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People v. Phillips - 64 Cal. 2d 574, 51 Cal. Rptr. 225, 414 P.2d 353 (1966)

Rule:

A wide discretion reposes in the trial court to determine the sufficiency of the qualifications of expert witnesses. An appellate court will not disturb its ruling on that matter in the absence of a manifest abuse of such discretion.

Facts:

Defendant Marvin Phillips, a doctor of chiropractic medicine, treated a child for a rare fast-growing form of cancer. The child's parents had consulted various experts and were awaiting surgical procedures for removal of the child's eye when a third-party told them that Phillips had cured her son of a brain tumor without surgery. After a brief telephone consultation and payment of an advance fee to Phillips, the child's parents discharged her from the treating medical facility and placed her in Phillips' care, where she worsened substantially. The parents eventually dismissed Phillips and attempted alternate medical cures elsewhere. The child died shortly thereafter. Phillips was later tried in California state court and convicted of second-degree murder. At trial, the court instructed the jury on the felony murder rule on the prosecution's theory that Phillips' conduct amounted to grand theft by false pretenses in his ability to cure the child. Phillips appealed, arguing, inter alia, that grand theft was not an inherently dangerous felony and thus the felony-murder instruction was erroneous.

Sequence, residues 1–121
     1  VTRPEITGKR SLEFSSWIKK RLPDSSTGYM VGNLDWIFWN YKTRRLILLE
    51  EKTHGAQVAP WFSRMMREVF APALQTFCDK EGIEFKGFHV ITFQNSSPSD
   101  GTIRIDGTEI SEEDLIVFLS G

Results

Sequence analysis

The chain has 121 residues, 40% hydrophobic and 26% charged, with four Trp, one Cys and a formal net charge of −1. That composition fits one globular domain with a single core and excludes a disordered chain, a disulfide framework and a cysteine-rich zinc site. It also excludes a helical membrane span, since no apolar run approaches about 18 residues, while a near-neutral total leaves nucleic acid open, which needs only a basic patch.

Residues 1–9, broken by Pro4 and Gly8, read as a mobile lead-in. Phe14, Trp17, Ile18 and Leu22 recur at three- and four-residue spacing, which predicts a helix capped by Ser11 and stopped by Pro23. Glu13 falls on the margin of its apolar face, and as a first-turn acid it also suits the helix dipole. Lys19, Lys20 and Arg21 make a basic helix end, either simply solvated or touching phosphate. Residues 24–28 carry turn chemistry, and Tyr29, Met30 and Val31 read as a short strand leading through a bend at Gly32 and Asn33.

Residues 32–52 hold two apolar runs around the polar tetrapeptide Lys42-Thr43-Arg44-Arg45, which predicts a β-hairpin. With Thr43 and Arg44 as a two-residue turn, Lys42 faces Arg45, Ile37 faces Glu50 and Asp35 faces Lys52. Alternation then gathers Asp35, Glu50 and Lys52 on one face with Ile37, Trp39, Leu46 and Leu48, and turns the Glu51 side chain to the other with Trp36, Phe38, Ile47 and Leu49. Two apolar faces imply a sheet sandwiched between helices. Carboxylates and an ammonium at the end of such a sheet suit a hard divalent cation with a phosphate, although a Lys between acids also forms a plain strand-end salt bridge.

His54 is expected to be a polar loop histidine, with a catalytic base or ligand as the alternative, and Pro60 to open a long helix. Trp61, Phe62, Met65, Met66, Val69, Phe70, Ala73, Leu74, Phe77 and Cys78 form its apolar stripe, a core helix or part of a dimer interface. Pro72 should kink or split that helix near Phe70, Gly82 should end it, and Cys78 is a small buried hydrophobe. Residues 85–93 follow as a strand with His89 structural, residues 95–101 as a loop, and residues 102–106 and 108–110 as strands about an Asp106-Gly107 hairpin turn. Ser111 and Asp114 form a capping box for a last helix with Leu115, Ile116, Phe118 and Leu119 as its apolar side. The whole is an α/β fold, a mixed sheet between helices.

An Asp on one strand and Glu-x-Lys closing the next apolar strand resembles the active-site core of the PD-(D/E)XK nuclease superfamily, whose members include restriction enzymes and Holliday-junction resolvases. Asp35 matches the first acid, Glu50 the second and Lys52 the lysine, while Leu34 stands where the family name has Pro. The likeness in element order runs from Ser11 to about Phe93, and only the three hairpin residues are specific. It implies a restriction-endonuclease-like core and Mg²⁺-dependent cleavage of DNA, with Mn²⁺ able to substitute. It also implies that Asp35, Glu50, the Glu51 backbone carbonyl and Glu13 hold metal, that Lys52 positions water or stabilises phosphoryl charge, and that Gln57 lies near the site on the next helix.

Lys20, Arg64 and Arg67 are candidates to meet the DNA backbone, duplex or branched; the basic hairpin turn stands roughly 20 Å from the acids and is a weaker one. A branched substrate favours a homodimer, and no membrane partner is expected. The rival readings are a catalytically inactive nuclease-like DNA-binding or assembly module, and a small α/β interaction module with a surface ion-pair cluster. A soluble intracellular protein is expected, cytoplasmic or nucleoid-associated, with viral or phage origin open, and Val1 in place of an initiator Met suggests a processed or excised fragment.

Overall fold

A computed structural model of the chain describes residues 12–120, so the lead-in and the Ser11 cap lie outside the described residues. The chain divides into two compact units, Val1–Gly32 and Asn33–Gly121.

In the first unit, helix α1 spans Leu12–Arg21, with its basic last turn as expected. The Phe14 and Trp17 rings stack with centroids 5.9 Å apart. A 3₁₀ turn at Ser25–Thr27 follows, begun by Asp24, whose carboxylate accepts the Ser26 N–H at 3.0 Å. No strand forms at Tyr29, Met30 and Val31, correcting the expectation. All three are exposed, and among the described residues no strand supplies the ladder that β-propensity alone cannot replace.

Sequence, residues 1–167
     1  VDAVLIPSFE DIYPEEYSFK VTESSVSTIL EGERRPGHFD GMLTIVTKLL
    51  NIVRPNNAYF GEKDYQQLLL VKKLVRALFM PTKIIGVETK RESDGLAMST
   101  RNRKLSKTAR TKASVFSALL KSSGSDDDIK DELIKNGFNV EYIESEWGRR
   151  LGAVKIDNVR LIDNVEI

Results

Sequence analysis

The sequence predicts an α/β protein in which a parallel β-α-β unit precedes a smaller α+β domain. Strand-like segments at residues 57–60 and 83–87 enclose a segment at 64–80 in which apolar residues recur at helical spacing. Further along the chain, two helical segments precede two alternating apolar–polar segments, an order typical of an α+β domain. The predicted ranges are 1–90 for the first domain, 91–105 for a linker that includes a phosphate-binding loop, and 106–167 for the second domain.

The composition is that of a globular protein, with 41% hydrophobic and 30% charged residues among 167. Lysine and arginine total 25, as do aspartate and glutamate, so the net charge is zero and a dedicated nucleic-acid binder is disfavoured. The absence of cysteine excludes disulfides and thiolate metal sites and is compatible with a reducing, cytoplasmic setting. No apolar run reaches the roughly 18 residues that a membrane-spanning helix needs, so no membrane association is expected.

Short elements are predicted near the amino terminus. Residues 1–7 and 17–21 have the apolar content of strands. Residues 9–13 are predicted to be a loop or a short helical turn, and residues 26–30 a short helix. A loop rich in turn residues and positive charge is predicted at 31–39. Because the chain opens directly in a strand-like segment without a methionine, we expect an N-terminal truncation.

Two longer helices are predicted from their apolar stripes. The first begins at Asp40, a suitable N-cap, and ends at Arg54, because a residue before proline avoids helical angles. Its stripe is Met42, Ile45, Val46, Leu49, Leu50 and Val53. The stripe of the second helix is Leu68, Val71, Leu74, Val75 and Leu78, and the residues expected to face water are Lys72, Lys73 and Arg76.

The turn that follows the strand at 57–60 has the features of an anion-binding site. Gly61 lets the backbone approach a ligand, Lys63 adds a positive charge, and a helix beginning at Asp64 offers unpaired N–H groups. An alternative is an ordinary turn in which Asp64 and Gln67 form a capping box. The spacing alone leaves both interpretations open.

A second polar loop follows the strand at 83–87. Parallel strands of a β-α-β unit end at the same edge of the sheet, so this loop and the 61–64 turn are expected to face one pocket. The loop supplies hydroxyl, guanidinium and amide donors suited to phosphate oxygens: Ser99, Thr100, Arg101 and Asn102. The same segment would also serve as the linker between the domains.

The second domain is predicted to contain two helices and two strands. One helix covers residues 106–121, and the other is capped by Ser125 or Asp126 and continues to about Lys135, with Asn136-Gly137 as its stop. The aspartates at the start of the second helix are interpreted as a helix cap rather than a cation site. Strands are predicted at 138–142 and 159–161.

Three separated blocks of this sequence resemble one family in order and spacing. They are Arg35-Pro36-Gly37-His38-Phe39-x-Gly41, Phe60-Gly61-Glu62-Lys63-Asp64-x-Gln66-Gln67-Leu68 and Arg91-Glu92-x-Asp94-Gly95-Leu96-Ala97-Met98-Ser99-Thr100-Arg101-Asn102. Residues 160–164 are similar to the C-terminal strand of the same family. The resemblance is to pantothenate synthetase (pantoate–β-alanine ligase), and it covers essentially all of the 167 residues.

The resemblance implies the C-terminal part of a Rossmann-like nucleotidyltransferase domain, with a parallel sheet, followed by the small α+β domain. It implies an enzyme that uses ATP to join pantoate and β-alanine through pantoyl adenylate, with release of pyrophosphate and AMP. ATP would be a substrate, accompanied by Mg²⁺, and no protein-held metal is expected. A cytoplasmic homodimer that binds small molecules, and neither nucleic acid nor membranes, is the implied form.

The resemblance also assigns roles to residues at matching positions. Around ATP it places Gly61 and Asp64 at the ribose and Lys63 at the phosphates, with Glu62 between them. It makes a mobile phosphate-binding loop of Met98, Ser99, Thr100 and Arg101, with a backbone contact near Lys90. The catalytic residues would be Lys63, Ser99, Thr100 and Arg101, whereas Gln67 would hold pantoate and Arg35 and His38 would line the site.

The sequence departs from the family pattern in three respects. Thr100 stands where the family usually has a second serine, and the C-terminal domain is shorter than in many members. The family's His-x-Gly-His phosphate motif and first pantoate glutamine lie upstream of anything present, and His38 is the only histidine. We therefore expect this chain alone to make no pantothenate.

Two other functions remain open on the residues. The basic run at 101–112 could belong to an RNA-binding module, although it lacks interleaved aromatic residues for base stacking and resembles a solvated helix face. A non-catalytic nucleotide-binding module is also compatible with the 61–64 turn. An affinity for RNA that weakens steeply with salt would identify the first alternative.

Issue:

Did giving a felony-murder instruction based on grand theft warrant the reversal of his conviction for second-degree murder?

Answer:

Yes.

Conclusion:

The state supreme court reversed the trial court's judgment. The court ruled, inter alia, that the felony-murder instruction given by the trial court was erroneous in that such a charge may be grounded only upon a felony "inherently dangerous to life," and grand theft was not such a crime. Furthermore, the erroneous instruction caused Phillips prejudice because it removed from the jury the issue of malice. The prosecution could not successfully argue that even though the instruction erroneously permitted the jury to convict without finding malice, no prejudice resulted.

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